Trump effect threatens to tip Senate balance in key race
Campaign 2016 | Kelly Ayotte’s New Hampshire contest could give Democrats a legislative advantage, especially if Hillary Clinton claims the White House
by J.C. Derrick
Posted 9/09/16, 11:52 am
Sen. Kelly Ayotte, R-N.H., did not hide her displeasure after she rushed back to the U.S. Capitol during a lame-duck session of Congress in December 2014. Sens. Ted Cruz, R-Texas, and Mike Lee, R-Utah, had raised a constitutional point of order they said was aimed at stopping President Barack Obama’s executive actions on immigration. Once the measure failed, the Senate worked through a weekend to confirm two dozen Obama appointments.
“I think this is ridiculous,” Ayotte told Politico, noting she had to cancel plans to attend The Nutcracker with her daughter.
Ayotte’s image as both a mom and lawmaker willing to criticize her own party is a hallmark of her first term in the U.S. Senate. Her reputation plays well at home in New Hampshire, where 43 percent of the 2012 electorate identified as independent. But GOP presidential nominee Donald Trump has been an unwelcome recurring theme in Ayotte’s quest to win a second term.
“I call it like I see it,” Ayotte said in a statement last month after she defended the family of a slain Muslim-American soldier whom Trump criticized. “I’m always going to stand up for our military families and what’s best for the people of New Hampshire.”
While Ayotte consistently polls ahead of the GOP nominee, she’s locked in one of the tightest reelection battles in the country—one that could determine control of the Senate.
Ayotte, 48, is a Catholic, the mother of two young children, and a life-long New Hampshire resident. She served as the state attorney general from 2004 to 2009 and successfully argued against Planned Parenthood over a parental notification law at the U.S. Supreme Court.
Since arriving in the Senate, Ayotte has maintained a strong pro-life voting record, voting to defund Planned Parenthood and supporting protections for unborn children after 20 weeks. She’s called for a balanced budget amendment to the U.S. Constitution and is generally a hawk on foreign policy issues.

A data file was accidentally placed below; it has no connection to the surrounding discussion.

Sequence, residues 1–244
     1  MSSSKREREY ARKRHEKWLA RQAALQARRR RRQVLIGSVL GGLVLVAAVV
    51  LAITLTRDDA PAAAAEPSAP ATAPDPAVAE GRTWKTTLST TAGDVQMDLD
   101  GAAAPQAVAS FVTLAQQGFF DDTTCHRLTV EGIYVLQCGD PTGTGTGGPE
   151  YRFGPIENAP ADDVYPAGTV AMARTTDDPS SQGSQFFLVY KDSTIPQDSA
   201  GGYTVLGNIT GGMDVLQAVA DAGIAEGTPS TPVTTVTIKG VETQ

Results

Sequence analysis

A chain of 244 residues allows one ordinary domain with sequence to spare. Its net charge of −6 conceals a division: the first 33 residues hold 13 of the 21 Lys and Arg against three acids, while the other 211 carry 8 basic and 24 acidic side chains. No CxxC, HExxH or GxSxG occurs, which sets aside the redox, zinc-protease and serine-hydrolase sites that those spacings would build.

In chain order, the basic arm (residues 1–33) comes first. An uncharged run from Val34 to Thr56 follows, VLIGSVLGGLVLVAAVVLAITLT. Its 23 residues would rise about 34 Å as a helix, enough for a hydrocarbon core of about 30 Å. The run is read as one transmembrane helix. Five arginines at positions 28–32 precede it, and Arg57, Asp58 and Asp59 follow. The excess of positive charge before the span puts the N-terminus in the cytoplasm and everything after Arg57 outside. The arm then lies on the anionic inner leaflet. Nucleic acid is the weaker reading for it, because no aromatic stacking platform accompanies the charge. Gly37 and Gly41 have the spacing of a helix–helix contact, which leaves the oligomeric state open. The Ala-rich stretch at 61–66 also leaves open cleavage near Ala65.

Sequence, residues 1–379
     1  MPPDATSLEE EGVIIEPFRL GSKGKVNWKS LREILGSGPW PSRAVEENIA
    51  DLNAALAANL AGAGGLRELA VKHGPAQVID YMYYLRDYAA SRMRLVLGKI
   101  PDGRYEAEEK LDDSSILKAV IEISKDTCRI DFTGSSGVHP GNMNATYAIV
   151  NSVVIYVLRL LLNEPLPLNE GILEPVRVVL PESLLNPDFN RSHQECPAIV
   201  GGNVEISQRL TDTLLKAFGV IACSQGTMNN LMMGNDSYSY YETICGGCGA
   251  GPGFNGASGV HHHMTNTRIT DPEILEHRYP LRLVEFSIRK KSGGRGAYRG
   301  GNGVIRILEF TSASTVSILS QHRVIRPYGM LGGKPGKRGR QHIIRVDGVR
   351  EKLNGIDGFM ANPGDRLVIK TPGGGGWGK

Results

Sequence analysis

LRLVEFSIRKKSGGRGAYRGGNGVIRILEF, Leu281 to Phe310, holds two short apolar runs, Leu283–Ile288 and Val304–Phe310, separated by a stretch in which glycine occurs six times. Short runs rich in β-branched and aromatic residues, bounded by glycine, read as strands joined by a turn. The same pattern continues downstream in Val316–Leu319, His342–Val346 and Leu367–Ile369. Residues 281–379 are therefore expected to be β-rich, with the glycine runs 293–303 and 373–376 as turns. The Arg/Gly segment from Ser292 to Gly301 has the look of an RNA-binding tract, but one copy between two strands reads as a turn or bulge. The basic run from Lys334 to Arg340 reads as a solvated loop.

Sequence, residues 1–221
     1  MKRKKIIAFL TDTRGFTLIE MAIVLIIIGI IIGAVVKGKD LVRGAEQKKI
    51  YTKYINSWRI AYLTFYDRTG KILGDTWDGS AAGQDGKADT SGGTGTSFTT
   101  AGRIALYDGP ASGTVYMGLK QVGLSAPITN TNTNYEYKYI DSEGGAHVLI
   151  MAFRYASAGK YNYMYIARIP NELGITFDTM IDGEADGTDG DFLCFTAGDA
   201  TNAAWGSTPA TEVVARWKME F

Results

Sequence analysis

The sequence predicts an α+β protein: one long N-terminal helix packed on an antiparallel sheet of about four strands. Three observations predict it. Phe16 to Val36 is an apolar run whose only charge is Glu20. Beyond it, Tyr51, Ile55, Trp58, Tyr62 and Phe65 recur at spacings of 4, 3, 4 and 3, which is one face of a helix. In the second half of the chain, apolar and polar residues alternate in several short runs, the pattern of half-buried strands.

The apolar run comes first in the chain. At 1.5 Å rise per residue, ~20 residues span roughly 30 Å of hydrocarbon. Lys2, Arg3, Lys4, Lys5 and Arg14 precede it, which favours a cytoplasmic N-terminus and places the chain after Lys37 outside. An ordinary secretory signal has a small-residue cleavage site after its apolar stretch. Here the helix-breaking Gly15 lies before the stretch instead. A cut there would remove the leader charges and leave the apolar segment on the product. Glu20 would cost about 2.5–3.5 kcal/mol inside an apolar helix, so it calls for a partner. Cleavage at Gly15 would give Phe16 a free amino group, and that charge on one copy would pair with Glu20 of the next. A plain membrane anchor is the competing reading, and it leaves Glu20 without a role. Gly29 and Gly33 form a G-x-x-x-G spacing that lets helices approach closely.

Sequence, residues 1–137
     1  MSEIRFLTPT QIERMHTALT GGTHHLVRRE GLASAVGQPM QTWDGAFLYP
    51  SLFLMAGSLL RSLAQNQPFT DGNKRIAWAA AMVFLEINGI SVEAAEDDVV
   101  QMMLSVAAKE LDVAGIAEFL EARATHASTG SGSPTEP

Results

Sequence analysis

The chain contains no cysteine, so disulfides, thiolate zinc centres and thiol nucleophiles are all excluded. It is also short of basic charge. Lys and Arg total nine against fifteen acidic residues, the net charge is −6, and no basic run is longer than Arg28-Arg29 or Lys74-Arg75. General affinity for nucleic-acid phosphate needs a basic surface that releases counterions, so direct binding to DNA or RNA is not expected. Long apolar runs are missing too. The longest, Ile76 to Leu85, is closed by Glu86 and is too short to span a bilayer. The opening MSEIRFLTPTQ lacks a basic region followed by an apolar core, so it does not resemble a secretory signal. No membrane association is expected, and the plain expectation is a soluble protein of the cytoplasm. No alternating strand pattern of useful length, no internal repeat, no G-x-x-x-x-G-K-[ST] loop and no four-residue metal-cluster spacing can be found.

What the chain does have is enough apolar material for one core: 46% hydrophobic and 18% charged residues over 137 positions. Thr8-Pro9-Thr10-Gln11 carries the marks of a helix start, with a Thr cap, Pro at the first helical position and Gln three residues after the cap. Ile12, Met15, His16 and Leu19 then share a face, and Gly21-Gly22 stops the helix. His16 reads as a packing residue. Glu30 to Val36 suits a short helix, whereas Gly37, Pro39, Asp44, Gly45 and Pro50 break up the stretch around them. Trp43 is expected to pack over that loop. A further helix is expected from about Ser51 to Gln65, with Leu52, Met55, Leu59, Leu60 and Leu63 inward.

She proudly touts her bipartisan record, but it has at times become a liability with her Republican base. Immigration hardliners—including her primary opponent, Jim Rubens—criticized her for supporting the 2013 immigration reform package that passed the U.S. Senate and died in the House.
The conservative group Heritage Action gives Ayotte a score of 27 percent based on 40 votes during the 114th Congress.
But Ayotte remains critical for the party, not only to retain control of the Senate but to build much-needed diversity. Almost six years after her election, Ayotte remains one of the youngest members of the Senate. She’s been called one of the most influential Republican women in the country and even mentioned as a future presidential candidate.
Ayotte won her first race with 60 percent of the vote, but 2010 was a Republican wave election. This time she’s in a dead heat with a more formidable opponent, Democratic Gov. Maggie Hassan, whose recent polling gains reflect a national trend. As of this week, Democrats hold modest but consistent leads in New Hampshire, Illinois, Indiana, Pennsylvania, and Wisconsin—enough to give them 51 seats and control of the Senate, if the party holds its existing seats.
Although Trump won the GOP primary in New Hampshire last February, Democrat Hillary Clinton holds about an 8-point advantage over him in both head-to-head surveys and four-way polling that includes the Libertarian and Green Party candidates.
Ayotte maintains she will vote for Trump but not endorse him—and reserves the right to change her mind. She skipped the Republican National Convention in July, electing to campaign at home and hopefully avoid controversy.
But Trump hasn’t helped matters: Last month, during an interview with The Washington Post, the mogul attacked Ayotte for being willing to criticize him.
Maintaining daylight between herself and Trump may provide the key to victory—but a similar strategy failed Democrats just two years ago, when they were running from an unpopular president. Obama’s approval numbers have since recovered, and voter discontent with Clinton has so far not dipped as low as disapproval of Trump.
Political analysts at the University of Virginia noted Ayotte is in a similar position as Republican Sen. Pat Toomey in Pennsylvania: “By far the most important factor in these races is Trump: He needs to start doing better in both places or he’s going to drag down Ayotte and Toomey.”